# Integral cosine

The special function defined, for real $x > 0$, by

$$\mathop{\rm Ci} ( x) = - \int\limits _ { x } ^ \infty \frac{\cos t }{t } \ d t = c + \mathop{\rm ln} x - \int\limits _ { 0 } ^ { x } \frac{1 - \cos t }{t } \ d t ,$$

where $c = 0.5772 \dots$ is the Euler constant. Its graph is:

Figure: i051370a

The graphs of the functions $y = \mathop{\rm ci} ( x)$ and $y = \mathop{\rm si} ( x)$.

Some integrals related to the integral cosine are:

$$\int\limits _ { 0 } ^ \infty e ^ {- p t } \mathop{\rm Ci} ( q t ) d t = - \frac{1}{2p} \mathop{\rm ln} \left ( 1 + \frac{p ^ {2} }{q ^ {2} } \right ) ,$$

$$\int\limits _ { 0 } ^ \infty \cos t \mathop{\rm Ci} ( t) \ d t = - \frac \pi {4} ,\ \int\limits _ { 0 } ^ \infty \mathop{\rm Ci} ^ {2} ( t) d t = \frac \pi {2} ,$$

$$\int\limits _ { 0 } ^ \infty \mathop{\rm Ci} ( t) \mathop{\rm si} ( t) d t = - \mathop{\rm ln} 2 ,$$

where $\mathop{\rm si} ( t)$ is the integral sine minus $\pi / 2$.

For $x$ small:

$$\mathop{\rm Ci} ( x) \approx c + \mathop{\rm ln} x .$$

The asymptotic representation, for $x$ large, is:

$$\mathop{\rm Ci} ( x) = \ \frac{\sin x }{x} P ( x) - \frac{\cos x }{x} Q ( x) ,$$

$$P ( x) \sim \sum _ { k= } 0 ^ \infty \frac{( - 1 ) ^ {k} ( 2 k ) ! }{x ^ {2k} } ,\ Q ( x) \sim \sum _ { k= } 0 ^ \infty \frac{( - 1 ) ^ {k} ( 2 k + 1 ) ! }{x ^ {2k+} 1 } .$$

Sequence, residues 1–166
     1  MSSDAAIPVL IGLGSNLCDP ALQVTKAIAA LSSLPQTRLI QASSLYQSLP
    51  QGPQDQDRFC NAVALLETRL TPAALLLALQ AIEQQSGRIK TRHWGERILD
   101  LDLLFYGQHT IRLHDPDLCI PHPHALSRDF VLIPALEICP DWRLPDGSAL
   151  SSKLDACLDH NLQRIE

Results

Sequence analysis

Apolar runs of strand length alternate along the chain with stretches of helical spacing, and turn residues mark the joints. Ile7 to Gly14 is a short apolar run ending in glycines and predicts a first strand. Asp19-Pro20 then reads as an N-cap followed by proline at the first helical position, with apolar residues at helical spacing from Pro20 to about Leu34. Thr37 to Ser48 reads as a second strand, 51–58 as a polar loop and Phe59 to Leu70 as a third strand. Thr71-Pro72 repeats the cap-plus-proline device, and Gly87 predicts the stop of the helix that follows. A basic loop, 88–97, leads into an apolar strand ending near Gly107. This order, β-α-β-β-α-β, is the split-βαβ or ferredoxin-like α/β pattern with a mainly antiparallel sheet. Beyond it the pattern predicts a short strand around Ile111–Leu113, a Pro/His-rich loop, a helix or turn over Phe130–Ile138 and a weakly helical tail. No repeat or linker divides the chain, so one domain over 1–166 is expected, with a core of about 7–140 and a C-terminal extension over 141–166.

The integral cosine has the series representation:

$$\tag{* } \mathop{\rm Ci} ( x) = c + \mathop{\rm ln} x - \frac{x ^ {2} }{2!2} + \frac{x ^ {4} }{4!4} - \dots +$$

$$+ ( - 1 ) ^ {k} \frac{x ^ {2k} }{( 2 k ) ! 2 k } + \dots .$$

As a function of the complex variable $z$, $\mathop{\rm Ci} ( z)$, defined by (*), is a single-valued analytic function in the $z$- plane with slit along the relative negative real axis $( - \pi < \mathop{\rm arg} z < \pi )$. The value of $\mathop{\rm ln} z$ here is taken to be $\pi < \mathop{\rm Im} \mathop{\rm ln} z < \pi$. The behaviour of $\mathop{\rm Ci} ( z)$ near the slit is determined by the limits

$$\lim\limits _ {\eta \downarrow 0 } \mathop{\rm Ci} ( x \pm i \eta ) = \ \mathop{\rm Ci} ( | z | ) \pm \pi i ,\ x < 0 .$$

The integral cosine is related to the integral exponential function $\mathop{\rm Ei} ( z)$ by

$$\mathop{\rm Ci} ( z) = \frac{1}{2} [ \mathop{\rm Ei} ( i z ) + \mathop{\rm Ei} ( - i z ) ] .$$

One sometimes uses the notation $\mathop{\rm ci} ( x) \equiv \mathop{\rm Ci} ( x)$.

The function $\mathop{\rm Ci}$ is better known as the cosine integral. It can, of course, be defined by the integral (as above) in $\mathbf C \setminus \{ {x \in \mathbf R } : {x \leq 0 } \}$.